In 2012, I lost my dad to Dementia. My grief started long before his death.
Dementia – like other long term or terminal illnesses, causes family and friends to experience what’s known as ‘anticipatory grief’. When we know a loved one is approaching their end of life, we may feel pain, sorrow, fear, despair and a whole range of other emotions. This is anticipatory grief.
What exactly is anticipatory grief?
Anticipatory grief is described as grief that occurs before death (or it could be another form of loss), rather than the grief we experience after loss and death. The most important thing to remember is that anticipatory grief is a normal response, even if it isn’t talked about as often as other forms of grief.
According to the National Cancer Institute, “Common or normal grief begins soon after a loss and symptoms go away over time. The emotional responses come in the wake of the actual loss and a person may feel anxiety, anger, depression and other debilitating symptoms that can affect day-to-day living for a period of time. With anticipatory grief, however, the feelings of loss and pain stem from imagining what life will be like without a loved one. This may lead to anxiety and depression because of the fears associated with anticipatory grief.”
When can you experience anticipatory grief?
This type of grief can be inclusive of many losses and fears, such as:
• The loss of a companion.
• Fear of being alone.
• Loss of independence.
• Loss of social life.
• Changing roles in the family.
• Fear of financial changes.
• The loss of future plans / dreams.
Not everybody experiences anticipatory grief and it’s neither a “good” or “bad” thing. It’s just different to other forms of grief in that it can involve more extreme or strongly felt emotions, such as anger and loss of control.
This isn’t surprising when you find yourself in a weird “no-man’s land” is it?
It doesn’t replace the grief you experience after a loved one has died and it isn’t a shortcut to getting over your loss. But the good news is that it can be dealt with in the continuum of grief we find ourselves in. The important thing is to recognise – and admit- that you need help.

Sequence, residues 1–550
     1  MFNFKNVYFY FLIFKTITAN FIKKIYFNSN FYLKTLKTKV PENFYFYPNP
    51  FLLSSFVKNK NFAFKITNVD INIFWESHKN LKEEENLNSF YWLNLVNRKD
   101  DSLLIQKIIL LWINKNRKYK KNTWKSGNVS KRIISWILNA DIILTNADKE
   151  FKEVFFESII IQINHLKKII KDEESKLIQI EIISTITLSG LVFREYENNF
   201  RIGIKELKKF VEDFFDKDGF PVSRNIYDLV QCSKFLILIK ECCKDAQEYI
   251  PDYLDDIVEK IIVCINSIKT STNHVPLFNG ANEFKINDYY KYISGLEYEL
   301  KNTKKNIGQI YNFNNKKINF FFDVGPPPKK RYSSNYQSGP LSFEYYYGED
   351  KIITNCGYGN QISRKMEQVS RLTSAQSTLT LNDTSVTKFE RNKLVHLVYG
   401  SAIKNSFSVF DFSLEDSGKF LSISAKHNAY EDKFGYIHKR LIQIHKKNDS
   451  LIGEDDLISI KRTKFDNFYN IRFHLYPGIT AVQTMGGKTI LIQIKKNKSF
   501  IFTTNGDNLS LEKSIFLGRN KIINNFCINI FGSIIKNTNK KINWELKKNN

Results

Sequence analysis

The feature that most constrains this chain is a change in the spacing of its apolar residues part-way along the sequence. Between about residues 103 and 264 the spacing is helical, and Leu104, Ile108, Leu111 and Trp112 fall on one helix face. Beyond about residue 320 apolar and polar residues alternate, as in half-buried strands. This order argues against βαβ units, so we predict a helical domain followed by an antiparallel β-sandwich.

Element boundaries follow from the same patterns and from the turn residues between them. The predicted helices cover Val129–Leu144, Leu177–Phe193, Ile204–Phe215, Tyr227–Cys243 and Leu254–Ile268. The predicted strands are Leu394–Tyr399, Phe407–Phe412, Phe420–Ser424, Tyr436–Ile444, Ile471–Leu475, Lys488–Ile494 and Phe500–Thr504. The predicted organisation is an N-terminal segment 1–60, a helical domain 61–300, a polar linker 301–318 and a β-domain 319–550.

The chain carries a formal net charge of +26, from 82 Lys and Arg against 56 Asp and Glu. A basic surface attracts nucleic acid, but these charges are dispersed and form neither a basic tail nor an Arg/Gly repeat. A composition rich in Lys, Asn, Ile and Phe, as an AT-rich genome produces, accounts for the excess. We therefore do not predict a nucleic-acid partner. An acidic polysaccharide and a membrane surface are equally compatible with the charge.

Here are some of the signs and symptoms of anticipatory grief:
Sadness: Sadness and tears seemingly come out of nowhere. Small things such as an advert or a song can trigger these feelings. It may feel like a sudden and painful reminder of the reality you find yourself in. It’s almost as if it’s the first time you’re aware of your impending loss. Groundhog Day springs to mind.
Fear: Feelings of fear are common and can range from the fear about losing a loved one or you’re own death), to fears about all the changes that will occur after you’ve lost a loved one, such as how children will be cared for and how you’ll manage.
Anger and frustration: You may experience anger, annoyance, and frustration. It can even lead you to question many things for which you don’t have an answer to. It can also be about coping with a loved one’s anger or that of the family around you. You may also feel easily triggered.
Loneliness: Loneliness is often experienced by caregivers and the family of someone who is dying. Unlike grief after a loss, the feeling that it’s not socially acceptable to express anticipatory grief can add to feelings of isolation.
Anxiety: When you are caring for a loved one who is dying, it’s like living in a state of heightened anxiety most of the time. Anxiety, in turn, can cause many physical symptoms. If you already have anxiety, then you may experience a spike. Go and see your GP about this.
Guilt: I remember this well. The time prior to a loved one’s death can be a time of great guilt – especially if your loved one is suffering and you long for their suffering and pain to end. At the same time, you fear the actual death so there is an inner conflict that arises. You may also be experiencing survivor guilt, a guilt that you will be able to continue on with your life while someone else won’t.
Rehearsal: You could find yourself visualising what it will be like to have your loved one gone. Many people feel guilty about these thoughts, but they are normal and part of accepting the loss.
Poor concentration / forgetfulness: When you are pre-occupied with everything you’re dealing with and need to arrange, it’s normal to experience poor concentration or forgetfulness. It may help you to keep a note of things you want to get done.
Numbness: It’s possible that you don’t feel any emotion at all, or have periods like this. It’s important to recognise that this is also a normal response. If this numbness is prolonged, you may want to have a chat with a professional.
Fatigue: Looking after a loved one is exhausting, so add in the emotional roller coaster of anticipatory grief, then fatigue can kick in. You may also experience difficulties in sleeping. Please seek advice from your doctor because sleep is vital on this journey.
If this sounds like you or somebody that you know, then please get in touch.